AN Irish-owned health and beauty retailer is being lined up to move into a vacant unit in Cruises Street, the Limerick Leader can reveal.
Rooney’s Auctioneers have confirmed a sale has been agreed at the former Heirlooms unit, which closed last year, to a “national brand” in the beauty sector.
The as-yet-unnamed chain bid against two other shops for the 124 square metre unit, which was on the market for €220,000.
Formerly home to Heirlooms gift shop, the unit has been unoccupied for almost two years.
Gordon Kearney, of Rooney’s Auctioneers said: “There were three people chasing that property for owner occupation, or established business. The underbidders are now actively chasing two other properties in town which is very positive for Limerick.”
This piece of good news for Cruises Street comes against the backdrop of the planned closure of Ladies clothing retailer Wallis.
The Arcadia-owned chain is to close by mid-September with the loss of 21 jobs.
Workers have entered negotiations with management in a bid to find alternative positions elsewhere.
Calls have been made to place a special focus on Cruises Street - opened in 1992 - after a slew of shops closed there in recent years, including HMV, Heirlooms, GAME, Dorothy Perkins and Evans.
Limerick Chamber chief executive Maria Kelly says the closures on Cruises Street are “a symptom of when it was developed”.
“At the time, there were a lot of small stores, and no space was big enough to attract the key anchor retailer. The space just is not big enough. As shops began to close, it stopped attracting footfall, and it ended up in a downward spiral,” she said.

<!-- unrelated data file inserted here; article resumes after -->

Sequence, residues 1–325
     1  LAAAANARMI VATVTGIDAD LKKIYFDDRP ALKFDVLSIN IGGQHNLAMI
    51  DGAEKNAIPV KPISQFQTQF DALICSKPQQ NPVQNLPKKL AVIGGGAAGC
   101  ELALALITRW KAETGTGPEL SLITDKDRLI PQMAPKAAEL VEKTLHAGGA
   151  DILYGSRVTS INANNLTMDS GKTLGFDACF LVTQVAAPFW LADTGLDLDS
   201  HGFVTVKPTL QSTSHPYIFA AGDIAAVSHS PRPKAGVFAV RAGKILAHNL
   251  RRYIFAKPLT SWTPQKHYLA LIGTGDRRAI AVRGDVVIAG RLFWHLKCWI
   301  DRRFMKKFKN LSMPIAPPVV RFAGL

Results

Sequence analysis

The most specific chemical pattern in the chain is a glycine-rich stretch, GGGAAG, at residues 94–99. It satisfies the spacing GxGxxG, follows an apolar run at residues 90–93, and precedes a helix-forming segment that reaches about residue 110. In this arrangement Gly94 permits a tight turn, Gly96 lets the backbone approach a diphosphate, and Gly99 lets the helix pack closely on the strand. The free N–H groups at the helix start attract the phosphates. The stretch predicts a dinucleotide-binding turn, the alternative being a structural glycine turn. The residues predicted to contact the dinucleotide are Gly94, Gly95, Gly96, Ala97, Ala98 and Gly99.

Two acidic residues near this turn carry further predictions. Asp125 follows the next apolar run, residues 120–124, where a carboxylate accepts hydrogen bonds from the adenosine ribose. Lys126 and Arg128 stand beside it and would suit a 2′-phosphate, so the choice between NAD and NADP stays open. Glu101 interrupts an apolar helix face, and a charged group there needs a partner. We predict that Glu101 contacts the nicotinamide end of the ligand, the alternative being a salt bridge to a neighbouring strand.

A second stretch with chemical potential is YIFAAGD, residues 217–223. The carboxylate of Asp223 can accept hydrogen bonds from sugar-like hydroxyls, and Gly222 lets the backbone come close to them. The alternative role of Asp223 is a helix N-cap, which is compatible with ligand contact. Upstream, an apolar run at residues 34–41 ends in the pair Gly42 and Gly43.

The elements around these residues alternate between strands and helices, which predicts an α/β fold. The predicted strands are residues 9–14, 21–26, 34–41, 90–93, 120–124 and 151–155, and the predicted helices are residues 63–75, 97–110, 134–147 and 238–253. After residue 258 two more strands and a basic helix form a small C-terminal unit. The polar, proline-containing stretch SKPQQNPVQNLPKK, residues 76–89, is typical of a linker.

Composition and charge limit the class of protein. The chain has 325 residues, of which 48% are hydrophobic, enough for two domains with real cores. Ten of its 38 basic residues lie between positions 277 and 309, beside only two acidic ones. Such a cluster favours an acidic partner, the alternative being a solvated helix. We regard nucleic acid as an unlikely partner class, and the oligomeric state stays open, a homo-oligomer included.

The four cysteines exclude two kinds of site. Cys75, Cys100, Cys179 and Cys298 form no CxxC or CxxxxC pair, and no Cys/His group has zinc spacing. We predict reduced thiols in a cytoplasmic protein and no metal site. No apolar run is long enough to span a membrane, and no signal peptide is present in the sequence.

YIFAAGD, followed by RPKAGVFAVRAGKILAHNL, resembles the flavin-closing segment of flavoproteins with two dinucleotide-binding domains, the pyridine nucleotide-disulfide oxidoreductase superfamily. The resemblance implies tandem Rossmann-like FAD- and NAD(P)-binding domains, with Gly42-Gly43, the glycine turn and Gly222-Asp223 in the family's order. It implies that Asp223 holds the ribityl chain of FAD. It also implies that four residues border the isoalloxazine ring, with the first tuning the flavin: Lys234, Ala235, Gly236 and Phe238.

The latest closure highlights the importance of acting on the Limerick 2030 Masterplan, which provides for a major overhaul of Cruises Street.
“We absolutely have to have a huge focus on the city. I know City Council has already started trying to redevelop it, so hopefully we will see a turnaround on that street,” she added.
Chairperson of the Limerick City Business Association Helen O’Donnell said Cruises Street is one of the key focuses of the pilot retail scheme, which will use ‘shopping centre practices’ to regenerate the urban area.
“We are very conscious of Cruises Street and the number of empty units which have been there. But we would hope to encourage people to bring different businesses in the city centre,” she explained.
The Arcadia group did not return calls and emails from the Limerick Leader related to the Wallis brand. But Karen Wall, of Mandate, said the firm had blamed upward only rent reviews.